The Syrian Hamster is a solitary animal and will not usually live with another past 8-10 weeks of age and is nocturnal, usually waking during the evening.
The average lifespan of the Syrian Hamster is 2-2½ years although they can live longer and up to 3-4 years is not too unusual.
The Syrian Hamster is sometimes referred to as the 'Golden Hamster' due to its original wild golden colouring although today there are many different colour and coat mutations. The 'original' colour of the Syrian Hamster in the wild is golden brown with an ivory belly, dark cheek flashes and ivory crescents. The Syrian Hamster is also sometimes referred to as the Standard or Fancy Hamster and Long Haired Syrian hamsters are sometimes referred to as 'Teddy Bear Hamsters'. In addition the Hairless Syrian Hamster is sometimes referred to as the 'Alien Hamster' and the Black Syrian Hamster is also referred to as the 'Black Bear' or 'European Black Bear' Hamster.
This gene causes the hamster to have no fur although it may have curly whiskers.
Female long hair hamsters have a longer coat than the normal short hair and may have tufts around their bottom. However it is the male long haired hamsters that have the true long coat. They may have long tufts around their hips, a long skirt around their lower body, or a thick long coat all over. The long haired Syrian Hamster is sometimes referred to as the Teddybear Hamster.
This gene causes the coat to become wavy and the hairs to be lifted and a Short Haired Rex is plush in appearance with a velvet feel to the coat. The Long Haired Rex (particularly the males) can have a slightly scruffy look. Rex hamsters also have curly whiskers with a 'crimped' appearance.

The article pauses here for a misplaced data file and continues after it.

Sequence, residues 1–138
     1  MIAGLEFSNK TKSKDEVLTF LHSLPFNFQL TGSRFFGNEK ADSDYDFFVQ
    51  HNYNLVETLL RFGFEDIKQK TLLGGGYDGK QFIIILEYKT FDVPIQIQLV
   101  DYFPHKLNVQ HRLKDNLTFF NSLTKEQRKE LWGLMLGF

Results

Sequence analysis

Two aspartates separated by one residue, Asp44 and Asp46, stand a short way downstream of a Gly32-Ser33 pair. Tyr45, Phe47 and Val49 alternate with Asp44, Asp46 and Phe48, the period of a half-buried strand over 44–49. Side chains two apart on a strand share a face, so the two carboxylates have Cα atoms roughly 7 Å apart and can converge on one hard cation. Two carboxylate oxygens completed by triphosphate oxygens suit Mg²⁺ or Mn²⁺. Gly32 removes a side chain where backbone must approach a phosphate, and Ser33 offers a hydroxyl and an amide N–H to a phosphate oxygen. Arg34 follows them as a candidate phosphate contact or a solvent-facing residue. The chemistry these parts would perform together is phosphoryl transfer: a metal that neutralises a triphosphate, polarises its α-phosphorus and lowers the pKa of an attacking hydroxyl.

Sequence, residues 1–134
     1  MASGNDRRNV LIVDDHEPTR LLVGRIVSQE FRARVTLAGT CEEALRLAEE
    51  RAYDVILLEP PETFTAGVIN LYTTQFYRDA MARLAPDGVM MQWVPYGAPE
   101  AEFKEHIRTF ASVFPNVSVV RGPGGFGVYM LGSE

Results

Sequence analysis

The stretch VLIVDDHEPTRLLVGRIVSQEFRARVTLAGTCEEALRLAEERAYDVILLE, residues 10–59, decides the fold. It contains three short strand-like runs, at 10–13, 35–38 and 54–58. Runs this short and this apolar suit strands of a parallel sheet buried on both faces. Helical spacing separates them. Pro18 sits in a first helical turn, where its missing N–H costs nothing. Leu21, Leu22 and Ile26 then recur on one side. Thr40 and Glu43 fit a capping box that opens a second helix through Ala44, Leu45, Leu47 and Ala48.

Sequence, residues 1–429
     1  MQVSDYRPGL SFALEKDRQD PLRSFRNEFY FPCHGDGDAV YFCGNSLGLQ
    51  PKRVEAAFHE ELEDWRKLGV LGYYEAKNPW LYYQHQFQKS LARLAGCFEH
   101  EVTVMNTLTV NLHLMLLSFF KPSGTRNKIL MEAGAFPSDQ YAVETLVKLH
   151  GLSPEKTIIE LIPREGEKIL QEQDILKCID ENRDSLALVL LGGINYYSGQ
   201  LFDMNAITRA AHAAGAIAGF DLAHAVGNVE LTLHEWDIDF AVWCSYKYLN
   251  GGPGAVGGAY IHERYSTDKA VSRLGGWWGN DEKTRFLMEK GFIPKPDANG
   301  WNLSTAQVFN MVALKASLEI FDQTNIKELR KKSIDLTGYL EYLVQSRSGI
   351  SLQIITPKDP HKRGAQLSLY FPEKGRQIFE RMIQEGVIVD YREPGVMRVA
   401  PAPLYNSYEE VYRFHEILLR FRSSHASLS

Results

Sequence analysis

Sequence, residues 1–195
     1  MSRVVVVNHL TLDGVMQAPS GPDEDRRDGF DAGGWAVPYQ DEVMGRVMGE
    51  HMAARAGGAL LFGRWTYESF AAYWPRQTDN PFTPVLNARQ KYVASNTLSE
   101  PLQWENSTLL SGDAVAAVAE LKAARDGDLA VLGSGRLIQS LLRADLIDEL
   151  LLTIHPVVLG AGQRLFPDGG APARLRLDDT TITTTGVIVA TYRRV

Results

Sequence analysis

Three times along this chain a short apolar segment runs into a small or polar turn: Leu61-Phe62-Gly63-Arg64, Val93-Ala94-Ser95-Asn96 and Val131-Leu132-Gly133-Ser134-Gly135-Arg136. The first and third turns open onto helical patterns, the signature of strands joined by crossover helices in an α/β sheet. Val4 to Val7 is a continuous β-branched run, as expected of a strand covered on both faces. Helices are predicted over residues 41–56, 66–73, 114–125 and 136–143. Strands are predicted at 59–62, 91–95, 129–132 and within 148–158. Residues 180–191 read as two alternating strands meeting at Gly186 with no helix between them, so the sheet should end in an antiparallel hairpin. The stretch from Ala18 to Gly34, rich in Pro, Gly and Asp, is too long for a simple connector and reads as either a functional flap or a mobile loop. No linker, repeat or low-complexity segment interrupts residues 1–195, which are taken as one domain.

This is the normal coat of the wild Syrian Hamster and the coat is short and dense all over the body.
How to Bathe a Syrian Hamster:
Things You'll Need:
* Soft-bristled toothbrush
* Small bowl
1. Comb a soft-bristled toothbrush through the hair of your Syrian hamster if he has long hair. Long-haired Syrian hamsters can have shavings tangled in the hair and a toothbrush is the gentlest tool you can use to remove this.
2. Check your Syrian hamster often for dirty areas, such as around the anus. Clean the hamster gently with a soft washcloth and warm water as needed. Bathing removes oils from the hamster's coat so it is not recommended.
3. Examine your Syrian hamster frequently for any changes in skin or hair. Changes in his stool can signal a problem as well.
4. Keep your Syrian hamster's cage clean and keep him on a regular schedule of food and water. Make sure he gets plenty of exercise by placing a hamster wheel in his cage. Handle him on a regular basis to give him some human interaction.
5. Make an appointment with a veterinarian who specializes in exotic animals if you have any concerns about your Syrian hamster.